Beards have meaning—now as they did in antiquityby Charlotte Higgins / November 13, 2018 / Leave a comment
Some years ago, frolicking by night in the streets of London’s Shoreditch, I happened upon a merry band of bearded youths. This facial-hair fashion had yet to reach the heights of ubiquity that it has achieved today. These young men were the outriders: hipsters; whittlers of spoons; riders of the fixed-gear bicycle.
We discoursed on the subject of beards and the hirsute boys earnestly informed me that their chosen mode had nothing to do with fashion, nor with the recent global financial crisis, nor with deep-seated anxieties about the very meaning and nature of masculinity brought forth by the rise of fourth-wave feminism and a new pressure on gender itself. Growing a beard had simply occurred to each and every one of them spontaneously. It was just one of those things.
Ha! I thought. These boys, with their fisherman’s jerseys, know nothing. As Meryl Streep’s fashion magazine editor, Miranda Priestly, pointed out contemptuously in The Devil Wears Prada, every choice made in relation to our modes of outward show—whether hair or beards or clothes—relates to a web of factors societal, political and aesthetic. And this applies not only to those who take considered pride in their fashion choices, but also to those who pointedly don’t. Beards have meaning—now as they did in antiquity.
Beard-spotting in the classical world is fun, because beardiness, by and large, follows wonderfully strict rules. Go to a decent museum, apply your eyes to its collection of Greek pots, and you will see that butch deities (Zeus, Poseidon, Ares and the like) almost invariably have a long, pointy beard.
You can see owners of such long, pointy beards occasionally roaming the streets of Athens to this day, and even imagine for a moment that the thunderbolt wielder is once more among us. Dionysus—god of theatre, revelry and wine—sometimes has a beard and sometimes does not, but that’s just typical of the kind of metrosexual, non-binary, hard-to-pin down person that he is.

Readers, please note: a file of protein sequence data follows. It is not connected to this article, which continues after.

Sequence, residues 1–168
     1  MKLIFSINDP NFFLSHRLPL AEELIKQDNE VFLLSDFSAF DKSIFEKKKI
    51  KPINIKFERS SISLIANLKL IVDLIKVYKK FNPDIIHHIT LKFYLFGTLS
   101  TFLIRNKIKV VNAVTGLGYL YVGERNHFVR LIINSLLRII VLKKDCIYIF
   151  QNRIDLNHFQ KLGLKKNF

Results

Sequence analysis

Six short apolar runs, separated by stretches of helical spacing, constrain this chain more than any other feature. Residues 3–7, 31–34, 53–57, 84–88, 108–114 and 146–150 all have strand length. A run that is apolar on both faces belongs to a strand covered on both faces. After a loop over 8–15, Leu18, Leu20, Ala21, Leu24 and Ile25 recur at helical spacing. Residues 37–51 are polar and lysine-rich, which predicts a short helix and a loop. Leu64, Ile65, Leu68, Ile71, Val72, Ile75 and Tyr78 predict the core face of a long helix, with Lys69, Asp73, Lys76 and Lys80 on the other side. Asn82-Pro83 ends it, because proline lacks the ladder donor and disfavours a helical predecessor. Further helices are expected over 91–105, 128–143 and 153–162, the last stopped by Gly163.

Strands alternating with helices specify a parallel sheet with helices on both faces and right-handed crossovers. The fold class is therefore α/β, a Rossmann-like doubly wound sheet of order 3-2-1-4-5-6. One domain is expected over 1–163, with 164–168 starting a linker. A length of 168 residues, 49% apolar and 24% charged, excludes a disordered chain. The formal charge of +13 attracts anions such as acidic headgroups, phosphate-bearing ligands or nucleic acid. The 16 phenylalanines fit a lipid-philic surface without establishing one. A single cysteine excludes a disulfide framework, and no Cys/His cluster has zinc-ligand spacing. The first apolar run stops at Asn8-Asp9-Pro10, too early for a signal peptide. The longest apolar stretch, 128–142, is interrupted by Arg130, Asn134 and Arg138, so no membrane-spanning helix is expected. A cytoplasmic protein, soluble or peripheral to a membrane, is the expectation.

Maturity and manliness
Beards—whether adorning the faces of gods, mythical heroes or regular chaps—are a sign of maturity and manliness. Ancient Greek philosophers are almost always given a big, none-too-groomed bushy number on their portrait busts; they tend to have an air of the Victorian patriarch about them, and look as if they are too busy having important thoughts to have visited the barber.
Fast-forward out of classical Athens a century or so to Alexander the Great, though, and suddenly he’s beardless—a live-fast, die-young mortal version of the also clean-shaven, youthful Apollo, god of the lyre. During the Roman republic and early years of the Roman empire beards were evidently not the thing: the many gorgeous portrait busts of important men from the period show them almost universally clean-shaven.
Suddenly, though, beards came back with a vengeance in the 2nd century AD, when Hadrian took to sporting one—as did all his successors, right up until Constantine in the 4th century, who for no apparent reason took to shaving.
Why did Hadrian buck the clean-shaven trend? Plutarch, the later writer, thought it was because he wanted to hide scars on his face; other people have decided it was because he wanted to seem especially “ancient Greek.” That’s entirely possible: he was a great aesthete and collector of beautiful Grecian things, and he had, in the Greek style, a male lover, the (beardless) Antinous.
Whatever the case, it was what Vogue might call “a moment.” Just as today’s chaps are definitely having a Hadrianic moment.